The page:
About 200 people work at Henry Pratt, which is owned by Atlanta-based Mueller Water Products.
"Our hearts are with the victims and their loved ones, the first responders, the Aurora community and the entire Mueller family during this extremely difficult time," the company said in statement.
Neil Van Milligan, a former supervisor who no longer works at Henry Pratt, said Martin worked for him sporadically over four years, usually packaging up valves.
"He had kind of an attitude," said Mr Van Milligan, recalling how Martin repeatedly broke the rule against using mobile phones on the plant floor.
"He'd just kind of look at you like you were stupid for telling him not to do something," Mr Van Milligan said. "Knowing him and the way his attitude was, it doesn't surprise me that he got reprimanded."
On Saturday, neighbours in the cluster of three-story apartment buildings where Martin lived, in a blue-collar neighbourhood on the outskirts of Aurora, said some had heard Martin was fighting to keep his job. Steve Spizewski, who lived three doors down from Martin, saw a kinder side to him. They would hang out together, Mr Spizewski said, playing video games or watching movies.
When Mr Spizewski's mother died recently, Martin was the person who consoled him. Mr Spizewski had never thought of Martin as a man who might use a weapon.
"I knew he had an air rifle," he said. "I didn't know he had a gun gun."
But Mr Spizewski also said Martin had a troubled recent relationship with a girlfriend who had damaged his car, and he had mounted a camera on a post overlooking his assigned parking spot to protect his prized possession.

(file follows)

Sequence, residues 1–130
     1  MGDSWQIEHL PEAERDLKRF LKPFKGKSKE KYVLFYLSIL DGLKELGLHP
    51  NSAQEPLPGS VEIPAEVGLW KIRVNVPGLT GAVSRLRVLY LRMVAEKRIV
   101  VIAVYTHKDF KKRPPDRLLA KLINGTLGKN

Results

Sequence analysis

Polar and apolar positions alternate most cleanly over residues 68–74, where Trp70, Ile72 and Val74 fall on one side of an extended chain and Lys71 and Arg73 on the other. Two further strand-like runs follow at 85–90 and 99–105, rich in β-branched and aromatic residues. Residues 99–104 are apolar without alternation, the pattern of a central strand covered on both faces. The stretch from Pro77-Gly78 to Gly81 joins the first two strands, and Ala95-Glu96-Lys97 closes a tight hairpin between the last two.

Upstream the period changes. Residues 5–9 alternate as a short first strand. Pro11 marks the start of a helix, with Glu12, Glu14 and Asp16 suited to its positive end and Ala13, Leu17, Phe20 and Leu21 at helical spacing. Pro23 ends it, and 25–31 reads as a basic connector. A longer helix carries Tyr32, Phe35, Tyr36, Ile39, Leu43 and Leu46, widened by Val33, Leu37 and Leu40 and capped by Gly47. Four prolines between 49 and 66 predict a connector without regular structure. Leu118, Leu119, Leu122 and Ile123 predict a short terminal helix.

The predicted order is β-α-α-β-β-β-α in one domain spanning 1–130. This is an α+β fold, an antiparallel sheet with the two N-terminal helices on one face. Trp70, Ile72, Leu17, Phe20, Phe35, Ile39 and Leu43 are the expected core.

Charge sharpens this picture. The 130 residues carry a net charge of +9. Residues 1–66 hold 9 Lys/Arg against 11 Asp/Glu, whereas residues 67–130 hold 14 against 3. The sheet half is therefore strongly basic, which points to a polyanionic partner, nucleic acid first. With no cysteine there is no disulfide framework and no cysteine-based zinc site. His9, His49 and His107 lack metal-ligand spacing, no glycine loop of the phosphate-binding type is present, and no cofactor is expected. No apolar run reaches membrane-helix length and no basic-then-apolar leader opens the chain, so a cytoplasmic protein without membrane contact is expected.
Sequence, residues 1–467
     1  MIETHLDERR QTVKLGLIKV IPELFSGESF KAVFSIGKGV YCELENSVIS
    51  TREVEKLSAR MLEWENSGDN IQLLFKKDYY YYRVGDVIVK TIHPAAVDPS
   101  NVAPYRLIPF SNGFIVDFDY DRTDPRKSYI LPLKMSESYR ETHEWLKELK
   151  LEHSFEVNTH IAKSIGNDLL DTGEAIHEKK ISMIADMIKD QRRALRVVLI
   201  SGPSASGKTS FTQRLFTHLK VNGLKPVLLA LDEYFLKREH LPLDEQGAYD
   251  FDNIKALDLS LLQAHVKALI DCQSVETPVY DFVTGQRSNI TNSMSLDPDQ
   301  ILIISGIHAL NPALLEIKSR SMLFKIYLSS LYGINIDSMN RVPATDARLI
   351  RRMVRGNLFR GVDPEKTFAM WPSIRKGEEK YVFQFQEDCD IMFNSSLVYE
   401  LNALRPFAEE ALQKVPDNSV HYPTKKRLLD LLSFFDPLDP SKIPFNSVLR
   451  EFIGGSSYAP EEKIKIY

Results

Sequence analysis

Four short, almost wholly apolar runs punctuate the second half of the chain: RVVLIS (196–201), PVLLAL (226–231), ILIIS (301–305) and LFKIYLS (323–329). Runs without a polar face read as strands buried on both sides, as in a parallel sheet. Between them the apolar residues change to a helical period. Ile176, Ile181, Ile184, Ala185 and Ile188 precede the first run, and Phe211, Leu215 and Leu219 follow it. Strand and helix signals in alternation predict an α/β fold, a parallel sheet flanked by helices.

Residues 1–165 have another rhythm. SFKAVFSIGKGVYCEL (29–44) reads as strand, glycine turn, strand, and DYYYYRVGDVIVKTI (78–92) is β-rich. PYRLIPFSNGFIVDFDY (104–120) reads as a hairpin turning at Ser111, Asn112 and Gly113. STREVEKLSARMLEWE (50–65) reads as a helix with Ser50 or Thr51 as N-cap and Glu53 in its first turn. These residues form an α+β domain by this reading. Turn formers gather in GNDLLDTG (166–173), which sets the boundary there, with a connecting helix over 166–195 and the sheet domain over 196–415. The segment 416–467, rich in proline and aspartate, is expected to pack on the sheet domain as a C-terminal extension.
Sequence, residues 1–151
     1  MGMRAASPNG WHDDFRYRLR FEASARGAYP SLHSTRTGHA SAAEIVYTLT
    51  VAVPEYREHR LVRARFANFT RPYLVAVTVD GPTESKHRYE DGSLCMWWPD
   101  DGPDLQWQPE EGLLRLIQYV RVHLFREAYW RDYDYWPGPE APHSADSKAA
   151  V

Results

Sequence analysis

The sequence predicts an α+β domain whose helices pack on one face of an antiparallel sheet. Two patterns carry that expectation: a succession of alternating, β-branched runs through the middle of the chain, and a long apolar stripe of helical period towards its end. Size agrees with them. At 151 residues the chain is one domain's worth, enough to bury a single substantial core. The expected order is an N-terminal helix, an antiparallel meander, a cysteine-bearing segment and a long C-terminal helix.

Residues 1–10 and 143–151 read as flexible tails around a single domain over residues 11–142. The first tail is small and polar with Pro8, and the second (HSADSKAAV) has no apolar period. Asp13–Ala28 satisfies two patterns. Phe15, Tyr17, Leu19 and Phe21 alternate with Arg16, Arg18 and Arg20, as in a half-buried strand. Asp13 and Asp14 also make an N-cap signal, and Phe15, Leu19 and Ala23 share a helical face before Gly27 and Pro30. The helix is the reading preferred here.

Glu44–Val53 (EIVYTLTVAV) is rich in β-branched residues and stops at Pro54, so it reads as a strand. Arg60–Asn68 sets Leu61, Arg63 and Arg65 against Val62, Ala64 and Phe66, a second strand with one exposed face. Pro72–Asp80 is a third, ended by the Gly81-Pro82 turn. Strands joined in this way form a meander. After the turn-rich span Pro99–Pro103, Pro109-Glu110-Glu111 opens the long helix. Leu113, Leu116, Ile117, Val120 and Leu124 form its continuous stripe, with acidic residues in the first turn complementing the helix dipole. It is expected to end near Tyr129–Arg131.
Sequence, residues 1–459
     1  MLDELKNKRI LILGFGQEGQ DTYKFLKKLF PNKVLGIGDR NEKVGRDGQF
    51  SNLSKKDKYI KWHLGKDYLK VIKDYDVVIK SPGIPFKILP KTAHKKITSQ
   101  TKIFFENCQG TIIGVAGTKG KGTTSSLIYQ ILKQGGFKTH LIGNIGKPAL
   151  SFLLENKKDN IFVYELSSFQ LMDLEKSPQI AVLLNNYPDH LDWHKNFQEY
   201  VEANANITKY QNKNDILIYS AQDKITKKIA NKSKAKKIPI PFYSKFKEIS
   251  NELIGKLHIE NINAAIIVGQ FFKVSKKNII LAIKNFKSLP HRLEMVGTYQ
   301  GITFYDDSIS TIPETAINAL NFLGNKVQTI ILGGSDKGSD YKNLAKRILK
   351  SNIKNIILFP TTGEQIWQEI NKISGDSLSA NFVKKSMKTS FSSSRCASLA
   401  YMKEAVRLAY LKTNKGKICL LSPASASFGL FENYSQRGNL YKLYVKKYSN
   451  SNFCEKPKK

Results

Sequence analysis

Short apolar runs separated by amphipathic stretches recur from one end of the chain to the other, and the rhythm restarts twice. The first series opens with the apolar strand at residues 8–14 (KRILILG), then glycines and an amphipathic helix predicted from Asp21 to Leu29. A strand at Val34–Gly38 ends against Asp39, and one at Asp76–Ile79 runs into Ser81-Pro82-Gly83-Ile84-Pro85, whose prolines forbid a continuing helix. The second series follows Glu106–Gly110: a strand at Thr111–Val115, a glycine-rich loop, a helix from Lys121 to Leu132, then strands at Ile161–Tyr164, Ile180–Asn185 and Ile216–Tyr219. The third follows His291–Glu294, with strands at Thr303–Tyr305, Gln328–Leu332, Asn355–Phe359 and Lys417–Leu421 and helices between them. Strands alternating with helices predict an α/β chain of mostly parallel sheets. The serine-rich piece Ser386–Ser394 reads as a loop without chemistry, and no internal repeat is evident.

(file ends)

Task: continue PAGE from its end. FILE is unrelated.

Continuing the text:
When Mr Spizewski saw Martin earlier this week, however, he had no idea that anything was wrong.
"He had a cigar in his mouth, a fedora on his head," Mr Spizewski said.
Martin often bought cigars from a Circle K not far from where he lived, where he struck up a friendship with Ricardo Moreno, an assistant manager.
Martin came in almost every morning as he left for work on the early shift and would purchase two to three cigars - the "Black and Mild Jazz" brand.
The two men bonded over 30-minute conversations about topics ranging from women to the news. When mass shootings, notably Las Vegas and Parkland, were in the headlines, Martin did not have much to say.
"He tried to stay away from bad vibes," Mr Moreno said.
He also never talked about partying or going to bars, Mr Moreno said, noting he mostly stayed at home.
Mr Moreno said he last talked with Martin two weeks ago, when he said he was dating a new woman.
"Life's good, everything's going good," Mr Moreno said Martin told him.
Ms Jones attributed Martin's anger to problems that dated to his childhood in Aurora. He never had a father figure in his life, she said, and he had such a strained relationship with his mother that he moved to Mississippi where he lived with his grandmother and other relatives.
"He is a nice guy - was a nice guy," she said, "But he was dealing with demons of some sort."
Martin's mother declined to comment.
Aurora shares a name with a Denver suburb that endured a mass shooting almost seven years ago. A gunman, James Holmes, opened fire inside a movie theatre in 2012, killing 12 people and injuring 70 others. The similarity was not lost on Nick Metz, the police chief of Aurora, Colorado.
"Months from now as people talk about the mass shooting in Aurora, someone will ask, 'Which Aurora mass shooting are we talking about?'" he tweeted.
Court records of the altercation that led to Martin's felony conviction show after he stabbed Ms Jones, neighbours called the police, who found her bleeding badly from her head, neck and back. They found Martin that night at a relative's house after he had tried to slash one of his wrists and cut his neck, according to court records.
"He told me that if we was going to end it, we was going to go out with a bang," Ms Jones said, according to the records. "We are all going to die."
The Washington Post